Mosquitoes are abundant on local islands and I therefore recommend purchasing insect repellent (I use DEET 50% which you can buy from Amazon here) as the insect spray available from local shops in the Maldives is not particularly strong (only about 5% DEET). The Maldives is not malarial, however there are cases of dengue fever and therefore I recommend covering your shoulders and legs in the evening and use insect spray, particularly on local islands.
Unmarried Couples in the Maldives
So far on local islands I have not experienced any problems with staying as an unmarried couple. This is never a problem if both guests are foreigners. However one Maldivian and one foreigner of the opposite sex can cause problems as technically this is frowned upon and one hotel that I am aware of forced a mixed nationality (Maldivian and foreigner) couple to pay for two rooms even though they shared one room. This seems to be very rare and most places I have stayed and heard of respect the freedom of their guests.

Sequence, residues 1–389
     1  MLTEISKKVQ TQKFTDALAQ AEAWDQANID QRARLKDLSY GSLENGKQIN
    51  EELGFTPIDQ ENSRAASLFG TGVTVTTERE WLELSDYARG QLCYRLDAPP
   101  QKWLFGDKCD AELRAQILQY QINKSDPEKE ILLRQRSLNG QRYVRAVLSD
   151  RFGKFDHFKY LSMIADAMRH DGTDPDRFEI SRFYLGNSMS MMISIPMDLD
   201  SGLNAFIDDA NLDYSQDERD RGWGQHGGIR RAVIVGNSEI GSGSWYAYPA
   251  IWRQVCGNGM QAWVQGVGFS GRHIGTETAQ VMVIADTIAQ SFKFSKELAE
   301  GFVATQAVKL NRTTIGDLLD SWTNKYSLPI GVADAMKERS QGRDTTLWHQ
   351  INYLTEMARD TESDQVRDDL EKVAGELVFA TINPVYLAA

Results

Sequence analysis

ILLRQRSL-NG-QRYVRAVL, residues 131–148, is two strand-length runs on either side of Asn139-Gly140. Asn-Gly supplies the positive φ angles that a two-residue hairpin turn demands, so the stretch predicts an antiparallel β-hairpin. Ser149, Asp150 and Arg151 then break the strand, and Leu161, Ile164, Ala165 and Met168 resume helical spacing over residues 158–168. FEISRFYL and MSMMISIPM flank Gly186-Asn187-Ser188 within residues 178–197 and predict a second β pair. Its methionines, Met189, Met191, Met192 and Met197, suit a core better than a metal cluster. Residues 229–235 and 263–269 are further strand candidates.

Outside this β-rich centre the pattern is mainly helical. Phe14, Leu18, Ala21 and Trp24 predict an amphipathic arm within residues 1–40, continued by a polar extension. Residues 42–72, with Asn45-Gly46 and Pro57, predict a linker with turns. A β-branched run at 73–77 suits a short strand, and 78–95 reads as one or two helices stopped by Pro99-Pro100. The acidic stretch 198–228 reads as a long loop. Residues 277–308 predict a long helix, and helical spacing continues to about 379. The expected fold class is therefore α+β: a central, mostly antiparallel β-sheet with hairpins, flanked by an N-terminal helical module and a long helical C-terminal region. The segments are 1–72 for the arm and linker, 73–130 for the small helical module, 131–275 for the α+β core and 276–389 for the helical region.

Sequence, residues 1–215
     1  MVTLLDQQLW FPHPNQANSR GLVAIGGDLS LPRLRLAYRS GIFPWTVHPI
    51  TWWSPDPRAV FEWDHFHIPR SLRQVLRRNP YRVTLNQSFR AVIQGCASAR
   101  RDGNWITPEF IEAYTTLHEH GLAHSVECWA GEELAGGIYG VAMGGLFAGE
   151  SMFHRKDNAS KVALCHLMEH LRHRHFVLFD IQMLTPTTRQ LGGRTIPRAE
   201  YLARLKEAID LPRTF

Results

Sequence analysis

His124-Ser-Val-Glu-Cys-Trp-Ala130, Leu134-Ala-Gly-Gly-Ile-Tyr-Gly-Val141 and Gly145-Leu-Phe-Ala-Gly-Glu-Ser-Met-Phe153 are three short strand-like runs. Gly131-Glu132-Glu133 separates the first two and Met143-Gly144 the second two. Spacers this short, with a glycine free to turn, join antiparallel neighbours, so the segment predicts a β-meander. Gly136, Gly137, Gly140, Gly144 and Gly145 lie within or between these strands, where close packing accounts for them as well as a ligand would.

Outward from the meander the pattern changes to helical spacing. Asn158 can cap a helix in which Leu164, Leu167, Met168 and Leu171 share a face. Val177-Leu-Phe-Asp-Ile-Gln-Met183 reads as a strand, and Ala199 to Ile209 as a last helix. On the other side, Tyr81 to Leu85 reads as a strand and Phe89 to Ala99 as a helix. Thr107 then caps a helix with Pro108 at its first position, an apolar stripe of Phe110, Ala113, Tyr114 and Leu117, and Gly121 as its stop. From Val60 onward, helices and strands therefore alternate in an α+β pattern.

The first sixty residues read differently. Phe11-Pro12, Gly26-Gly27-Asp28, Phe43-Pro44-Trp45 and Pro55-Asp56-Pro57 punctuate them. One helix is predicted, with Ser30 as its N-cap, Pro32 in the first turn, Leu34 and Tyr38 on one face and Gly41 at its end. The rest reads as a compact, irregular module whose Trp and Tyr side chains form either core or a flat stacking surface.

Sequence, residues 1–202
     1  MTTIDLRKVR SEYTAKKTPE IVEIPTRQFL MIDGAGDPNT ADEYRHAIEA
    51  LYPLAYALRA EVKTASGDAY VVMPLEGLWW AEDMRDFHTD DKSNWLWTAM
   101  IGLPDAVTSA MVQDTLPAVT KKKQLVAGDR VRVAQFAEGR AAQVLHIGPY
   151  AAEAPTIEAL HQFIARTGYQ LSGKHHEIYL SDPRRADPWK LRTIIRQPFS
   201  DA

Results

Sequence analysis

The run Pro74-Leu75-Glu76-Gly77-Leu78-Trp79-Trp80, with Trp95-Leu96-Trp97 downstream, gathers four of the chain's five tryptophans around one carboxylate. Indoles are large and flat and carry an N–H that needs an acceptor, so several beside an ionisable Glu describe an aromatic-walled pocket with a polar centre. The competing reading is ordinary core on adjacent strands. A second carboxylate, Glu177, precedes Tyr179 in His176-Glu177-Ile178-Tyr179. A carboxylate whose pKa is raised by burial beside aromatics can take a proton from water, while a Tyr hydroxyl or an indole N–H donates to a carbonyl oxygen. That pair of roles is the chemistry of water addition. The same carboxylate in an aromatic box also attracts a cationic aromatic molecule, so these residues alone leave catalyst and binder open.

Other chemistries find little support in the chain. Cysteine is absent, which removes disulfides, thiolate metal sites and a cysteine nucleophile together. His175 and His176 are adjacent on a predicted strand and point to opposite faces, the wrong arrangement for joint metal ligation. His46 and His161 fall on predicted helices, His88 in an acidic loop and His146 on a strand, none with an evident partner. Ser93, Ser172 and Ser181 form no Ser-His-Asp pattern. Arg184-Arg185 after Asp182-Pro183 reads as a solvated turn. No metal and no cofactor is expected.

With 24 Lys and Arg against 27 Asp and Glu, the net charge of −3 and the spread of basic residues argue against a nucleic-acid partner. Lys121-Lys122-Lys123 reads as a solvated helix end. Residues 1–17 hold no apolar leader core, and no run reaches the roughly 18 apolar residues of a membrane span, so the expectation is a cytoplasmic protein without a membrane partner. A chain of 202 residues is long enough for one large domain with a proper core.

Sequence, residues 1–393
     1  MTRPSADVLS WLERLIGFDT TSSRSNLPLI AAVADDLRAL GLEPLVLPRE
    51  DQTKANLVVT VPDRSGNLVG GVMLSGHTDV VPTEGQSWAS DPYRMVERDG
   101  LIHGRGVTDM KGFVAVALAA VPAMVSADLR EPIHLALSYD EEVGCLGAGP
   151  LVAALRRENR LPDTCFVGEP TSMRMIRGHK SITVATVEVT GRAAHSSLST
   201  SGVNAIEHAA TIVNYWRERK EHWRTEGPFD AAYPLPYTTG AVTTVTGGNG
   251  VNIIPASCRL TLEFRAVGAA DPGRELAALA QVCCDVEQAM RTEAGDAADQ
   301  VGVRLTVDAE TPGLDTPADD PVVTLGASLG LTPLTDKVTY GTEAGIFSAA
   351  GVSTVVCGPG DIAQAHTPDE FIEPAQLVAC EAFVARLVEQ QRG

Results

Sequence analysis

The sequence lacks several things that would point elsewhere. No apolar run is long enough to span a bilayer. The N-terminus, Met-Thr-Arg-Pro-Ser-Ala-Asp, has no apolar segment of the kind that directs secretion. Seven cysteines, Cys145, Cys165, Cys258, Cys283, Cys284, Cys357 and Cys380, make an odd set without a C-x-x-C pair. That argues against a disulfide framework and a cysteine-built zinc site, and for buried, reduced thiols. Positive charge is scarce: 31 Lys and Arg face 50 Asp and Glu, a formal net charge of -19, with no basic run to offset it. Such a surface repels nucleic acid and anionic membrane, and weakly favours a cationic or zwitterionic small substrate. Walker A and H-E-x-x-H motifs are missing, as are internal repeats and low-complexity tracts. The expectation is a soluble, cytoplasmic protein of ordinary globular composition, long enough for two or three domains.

Local Food in the Maldives
Most Maldivian food consists of tuna and other fish like reef fish. These are often mixed with rice and/or chappatis. My personal favourite is a Maldivian take on a Sri Lankan dish called Kottu Roshi. Local restaurants can have a very relaxed attitude to customer service and I have waited up to two hours for dinner before! (restaurants in Fuvahmulah!) Therefore when visiting local restaurants, bring along patience and a sense of humour and also consider going to a restaurant before you get too hungry! Vegetarian food is not very common, however most restaurants will still cook vegetarian dishes on request. Make it clear that vegetarian means no fish and no meat when ordering (and this may need to be repeated several times to make sure!). Many local restaurants still use plastic straws (resorts tend to be more eco-friendly) so to travel responsibly make sure you say “no straw” when ordering drinks. Many drinks like Coca-cola are sold on local islands in plastic bottles instead of cans so I always make sure to ask before ordering to reduce my plastic consumption. I always take a refillable water bottle to fill up from like these metal ones from Amazon.